I just returned from a trip to Boone NC.  The journey started on Thursday morning at 5am when I decided to finally get out of bed after a restless night and head to Fayetteville WV to pick up Pat.  Pat and I were going to Boone for 4 or 5 days to take part in the first leg of the Triple Crown bouldering series and work on Pat's mixed gear project.  It took the better part of 12 hours of travel but we arrived safe and sound in Banner Elk where we would be staying for the duration of our stay.
Friday morning came quick after all the traveling and I was glad to have a rest day scheduled.  Pat on the other hand was ready to fire his project.  Unfortunately, no send on Friday but Pat was close and we decided that a return visit would yield the illusive "send".
Photo: Pat Goodman
5.10 and the AAC both made big presences at the comp.  5.10 was showcasing their new shoes along with a demo on Saturday for the bouldering comp.  The AAC had a crowd and pulled in some money with the support of donations on Friday.
Saturday was a little warm and damp but still good.  Houndears is sharp!  My indoor skin was thrashed in a few hours of climbing and ended up spending most of the day cruising around doing classics and having fun.  I never finished 10 climbs to fill out my score sheet tho.  I will  know to plan skin a little better next time.
Sunday and Monday both became a wash as what was going to be splitter weather turned into cold and rainy both days.  My trip came to a close with a long drive home in the snow and rain but I had a great trip.  I am always psyched to see new rock and visit with friends.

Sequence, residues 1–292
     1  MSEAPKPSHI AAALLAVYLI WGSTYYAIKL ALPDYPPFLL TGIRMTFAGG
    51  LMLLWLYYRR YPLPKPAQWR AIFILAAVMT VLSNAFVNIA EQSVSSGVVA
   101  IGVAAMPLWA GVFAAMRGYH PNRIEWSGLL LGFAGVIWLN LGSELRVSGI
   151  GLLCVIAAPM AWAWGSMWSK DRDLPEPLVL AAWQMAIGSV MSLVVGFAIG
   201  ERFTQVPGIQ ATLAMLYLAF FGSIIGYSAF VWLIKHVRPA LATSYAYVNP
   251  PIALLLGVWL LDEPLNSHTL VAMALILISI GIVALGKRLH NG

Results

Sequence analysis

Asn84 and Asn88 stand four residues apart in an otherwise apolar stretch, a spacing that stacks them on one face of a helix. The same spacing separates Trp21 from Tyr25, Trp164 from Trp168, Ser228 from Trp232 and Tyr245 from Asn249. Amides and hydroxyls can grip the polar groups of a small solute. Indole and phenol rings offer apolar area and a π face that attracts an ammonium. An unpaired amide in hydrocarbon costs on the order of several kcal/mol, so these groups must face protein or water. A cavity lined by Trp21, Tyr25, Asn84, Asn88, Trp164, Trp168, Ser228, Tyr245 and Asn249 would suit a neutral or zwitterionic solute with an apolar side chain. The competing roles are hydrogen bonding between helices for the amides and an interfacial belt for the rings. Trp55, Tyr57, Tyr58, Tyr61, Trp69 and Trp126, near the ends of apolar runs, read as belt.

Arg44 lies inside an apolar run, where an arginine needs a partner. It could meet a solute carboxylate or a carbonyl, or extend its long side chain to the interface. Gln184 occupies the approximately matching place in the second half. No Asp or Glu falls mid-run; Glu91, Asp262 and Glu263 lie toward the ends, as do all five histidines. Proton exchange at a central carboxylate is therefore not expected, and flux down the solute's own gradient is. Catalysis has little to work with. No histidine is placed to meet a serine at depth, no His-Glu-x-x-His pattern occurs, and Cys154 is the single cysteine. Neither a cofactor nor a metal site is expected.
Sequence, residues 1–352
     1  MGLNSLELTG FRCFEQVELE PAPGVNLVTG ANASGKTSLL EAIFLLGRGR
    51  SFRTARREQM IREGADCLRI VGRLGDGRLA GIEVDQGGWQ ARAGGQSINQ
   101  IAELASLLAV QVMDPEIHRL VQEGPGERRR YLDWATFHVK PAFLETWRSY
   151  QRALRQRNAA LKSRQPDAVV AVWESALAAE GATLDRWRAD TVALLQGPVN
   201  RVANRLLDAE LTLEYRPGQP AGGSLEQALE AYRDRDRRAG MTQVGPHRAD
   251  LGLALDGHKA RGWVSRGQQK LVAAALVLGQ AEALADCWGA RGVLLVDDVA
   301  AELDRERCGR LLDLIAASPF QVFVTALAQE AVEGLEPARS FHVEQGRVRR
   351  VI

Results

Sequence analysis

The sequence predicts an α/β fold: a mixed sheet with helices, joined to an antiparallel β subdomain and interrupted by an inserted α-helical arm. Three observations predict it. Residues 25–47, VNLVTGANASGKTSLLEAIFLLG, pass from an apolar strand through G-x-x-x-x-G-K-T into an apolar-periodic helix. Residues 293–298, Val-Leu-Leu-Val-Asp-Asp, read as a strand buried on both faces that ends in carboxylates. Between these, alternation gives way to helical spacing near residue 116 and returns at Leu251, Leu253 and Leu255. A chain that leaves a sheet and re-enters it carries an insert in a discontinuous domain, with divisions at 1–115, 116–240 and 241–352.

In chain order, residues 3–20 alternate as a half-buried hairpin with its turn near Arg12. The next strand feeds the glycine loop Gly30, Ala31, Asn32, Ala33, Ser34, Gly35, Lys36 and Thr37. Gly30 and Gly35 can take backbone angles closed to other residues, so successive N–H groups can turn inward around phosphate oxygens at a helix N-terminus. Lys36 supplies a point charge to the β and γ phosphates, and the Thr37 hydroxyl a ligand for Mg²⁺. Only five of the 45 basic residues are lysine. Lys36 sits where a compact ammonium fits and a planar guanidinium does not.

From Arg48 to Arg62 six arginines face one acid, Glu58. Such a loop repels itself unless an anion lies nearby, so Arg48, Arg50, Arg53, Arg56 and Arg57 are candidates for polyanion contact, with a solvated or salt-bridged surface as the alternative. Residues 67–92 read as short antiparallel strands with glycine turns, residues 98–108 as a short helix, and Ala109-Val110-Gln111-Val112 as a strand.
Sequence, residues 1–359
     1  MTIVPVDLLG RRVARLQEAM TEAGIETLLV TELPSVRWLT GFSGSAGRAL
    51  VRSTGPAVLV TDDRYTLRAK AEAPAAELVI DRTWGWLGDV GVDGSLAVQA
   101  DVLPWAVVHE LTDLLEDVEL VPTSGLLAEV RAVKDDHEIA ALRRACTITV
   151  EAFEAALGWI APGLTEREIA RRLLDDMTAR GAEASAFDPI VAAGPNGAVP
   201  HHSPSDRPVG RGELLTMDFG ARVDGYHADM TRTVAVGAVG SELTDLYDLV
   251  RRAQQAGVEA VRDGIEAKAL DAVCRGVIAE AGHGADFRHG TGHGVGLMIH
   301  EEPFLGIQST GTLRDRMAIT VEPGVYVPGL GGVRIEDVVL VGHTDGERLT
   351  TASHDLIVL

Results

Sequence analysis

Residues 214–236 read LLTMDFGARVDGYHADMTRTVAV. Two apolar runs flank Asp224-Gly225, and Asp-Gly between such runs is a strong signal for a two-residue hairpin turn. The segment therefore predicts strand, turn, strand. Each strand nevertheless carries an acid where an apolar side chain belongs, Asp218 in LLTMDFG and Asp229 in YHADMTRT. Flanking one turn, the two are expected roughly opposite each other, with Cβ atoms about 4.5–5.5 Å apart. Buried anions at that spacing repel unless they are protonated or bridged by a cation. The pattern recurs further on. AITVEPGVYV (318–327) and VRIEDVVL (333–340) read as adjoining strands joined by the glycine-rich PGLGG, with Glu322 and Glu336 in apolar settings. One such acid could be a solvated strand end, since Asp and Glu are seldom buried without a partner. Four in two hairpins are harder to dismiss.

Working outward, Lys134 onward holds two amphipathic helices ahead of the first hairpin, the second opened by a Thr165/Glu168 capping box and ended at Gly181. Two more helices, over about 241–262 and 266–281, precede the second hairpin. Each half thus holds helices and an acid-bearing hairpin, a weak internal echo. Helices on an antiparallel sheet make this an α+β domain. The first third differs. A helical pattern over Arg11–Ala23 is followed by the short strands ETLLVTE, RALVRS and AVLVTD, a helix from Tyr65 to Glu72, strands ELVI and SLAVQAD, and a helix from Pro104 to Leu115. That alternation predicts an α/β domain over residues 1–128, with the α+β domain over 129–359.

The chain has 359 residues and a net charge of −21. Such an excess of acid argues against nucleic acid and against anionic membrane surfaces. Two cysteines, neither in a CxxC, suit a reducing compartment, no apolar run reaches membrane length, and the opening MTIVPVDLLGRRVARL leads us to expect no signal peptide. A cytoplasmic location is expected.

Tuesday, October 2, 2012

Cardiovascular Adaptations

In the ever changing and ever competitive field of sports, athletes are continuously looking for the competitive edge.  Recently, in the past few decades, blood doping, use of erythropoietin (epo for short) and high altitude training have all become more common practices by athletes to “get ahead” of their competition.

The first practice “Blood doping” refers to increasing the number of red blood cells(RBC) in ones circulatory system either through a blood transfusion or by taking a series of hormone therapeis such as epo.  Both of these practices, whether deemed by governing sports bodies as ethical or not, all employ some means of improving oxygen delivery to the muscles and in turn, can logically boost the muscles performance through an increased Vo2 max.  Double blind studies have shown that athletes who have been treated either with a blood transfusion or with hormone therapy have had increased Vo2 max while running tests on a treadmill in laboratories.  Blood doping is a controversial topic in the field of sports along with hormone therapies.  “EPO or erythropoiesis stimulating hormone, is a glycoprotein, formed by the kidneys and liver.  Epo appears in the plasma when peripheral tissues, especially the kidneys, are exposed to low oxygen concentrations.”  Increasing your RBC count through “unnatural” means such as epo therapy or blood transfusions is not the only way to increase cardiac output, some athletes have turned to altitude training.